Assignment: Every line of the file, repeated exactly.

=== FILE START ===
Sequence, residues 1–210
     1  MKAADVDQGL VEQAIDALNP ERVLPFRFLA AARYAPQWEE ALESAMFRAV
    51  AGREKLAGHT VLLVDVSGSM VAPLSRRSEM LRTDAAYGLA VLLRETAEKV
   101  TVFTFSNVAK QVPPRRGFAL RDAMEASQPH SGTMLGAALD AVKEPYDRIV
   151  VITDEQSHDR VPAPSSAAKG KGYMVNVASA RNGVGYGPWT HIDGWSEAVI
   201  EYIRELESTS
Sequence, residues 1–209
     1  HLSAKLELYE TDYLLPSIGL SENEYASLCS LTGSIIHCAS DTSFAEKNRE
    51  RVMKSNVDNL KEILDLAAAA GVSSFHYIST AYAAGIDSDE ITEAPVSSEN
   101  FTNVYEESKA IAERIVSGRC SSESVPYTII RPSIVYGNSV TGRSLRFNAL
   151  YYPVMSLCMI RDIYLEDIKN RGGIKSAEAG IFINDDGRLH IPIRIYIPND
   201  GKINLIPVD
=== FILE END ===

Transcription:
Sequence, residues 1–210
     1  MKAADVDQGL VEQAIDALNP ERVLPFRFLA AARYAPQWEE ALESAMFRAV
    51  AGREKLAGHT VLLVDVSGSM VAPLSRRSEM LRTDAAYGLA VLLRETAEKV
   101  TVFTFSNVAK QVPPRRGFAL RDAMEASQPH SGTMLGAALD AVKEPYDRIV
   151  VITDEQSHDR VPAPSSAAKG KGYMVNVASA RNGVGYGPWT HIDGWSEAVI
   201  EYIRELESTS
Sequence, residues 1–209
     1  HLSAKLELYE TDYLLPSIGL SENEYASLCS LTGSIIHCAS DTSFAEKNRE
    51  RVMKSNVDNL KEILDLAAAA GVSSFHYIST AYAAGIDSDE ITEAPVSSEN
   101  FTNVYEESKA IAERIVSGRC SSESVPYTII RPSIVYGNSV TGRSLRFNAL
   151  YYPVMSLCMI RDIYLEDIKN RGGIKSAEAG IFINDDGRLH IPIRIYIPND
   201  GKINLIPVD